- Access to Materials: Interpreters will be provided online access to materials you have placed on Canvas. If handing out hard copies of materials not in Canvas, please provide a copy to the interpreter. This access allows the interpreter to study pertinent vocabulary, have a visual reference to draw upon in interpreting into a visual (signed) language, and provide effective communication.
- Notetaking Support: Students using interpreters will typically need notetaking support (copies of notes from another students in the class) as they cannot effectively watch the interpreter and take notes. To turn their attention to taking notes would require that they stop “listening” to the lecture. Please see the information on notetaking support for more details.
- Schedule or Location Changes: Interpreters are paid professionals and skilled interpreters are in great demand. Please notify DSS and/or the interpreters of any class cancellations or location changes as early as possible. Late cancellations cost the University a significant amount of money.
- No Shows: If the interpreter does not show up, the student (or a faculty member) should notify the DSS (Disability Support Services) Director and a substitute will be sent if one is available. If one is not available, the student and the instructor will work with DSS to decide what to do (record the lecture to be interpreted later, allow the student to leave, etc.)
- Classroom Dynamics: Initially, an interpreter’s presence may be distracting to the instructor or other students. However, the initial curiosity will subside and having an interpreter in your classroom will be a comfortable situation for all concerned.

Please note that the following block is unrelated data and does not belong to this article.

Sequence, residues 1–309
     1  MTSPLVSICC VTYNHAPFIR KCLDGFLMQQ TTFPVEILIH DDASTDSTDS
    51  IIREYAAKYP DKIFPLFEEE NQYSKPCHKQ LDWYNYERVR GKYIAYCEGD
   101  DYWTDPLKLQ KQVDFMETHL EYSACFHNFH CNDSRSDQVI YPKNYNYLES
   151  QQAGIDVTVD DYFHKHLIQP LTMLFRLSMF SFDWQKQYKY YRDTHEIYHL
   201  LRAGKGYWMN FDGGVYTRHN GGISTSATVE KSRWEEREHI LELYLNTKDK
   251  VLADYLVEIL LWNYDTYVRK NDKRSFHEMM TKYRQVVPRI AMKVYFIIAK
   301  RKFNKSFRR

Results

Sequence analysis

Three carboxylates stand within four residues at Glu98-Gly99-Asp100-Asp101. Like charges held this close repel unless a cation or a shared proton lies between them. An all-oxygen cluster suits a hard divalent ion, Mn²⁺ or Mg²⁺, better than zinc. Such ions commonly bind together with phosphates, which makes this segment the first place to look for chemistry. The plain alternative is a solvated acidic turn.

Real-time Captioning (Speech-to-Text) Services
- Speech-to-text service providers (“captionists”) provide real-time captioning during classes or events for students who do not use sign language or when exact word-for-word English is deemed essential. Captioning can be provided via several methods, such as word-for-word transcription (certified court reporter), or a more summarized captioning method such as C-Print.
- The captionist most often is situated in the front of the classroom and near the instructor, with the captions being displayed either on a laptop in front of the deaf student, or occasionally on a wall screen. The student should have both the captionist and faculty member in their field of vision as visual cues are an important aspect of any communication. A captionist is there to facilitate what is spoken in the class, by both faculty and other students, into a form of visual communication, for real-time access and interaction.
- Captionists will need an additional chair and may need to be seated near a power source for their equipment. It is requested that captionists be provided access to the course vocabulary, specifically names, or unusual or technical terms (copy of glossary or an extra desk copy of the text if available). These resources are requested in advance – as they can program their captioning equipment to assure more accurate transcripts. They also need a copy of the syllabus and calendar – such as canceled class dates, tests dates, etc. DSS can assist in obtaining an additional desk copy or in the purchase of an extra text, if necessary. Students may be provided a copy of the written transcript. DSS does request that the transcript not shared with others in the course, as it is part of a disability accommodation for a specific student.
- Information regarding class flow/timing, access to materials, schedule/location changes, no shows or classroom dynamics as described above is generally as applicable to real-time captioning services as to interpreting.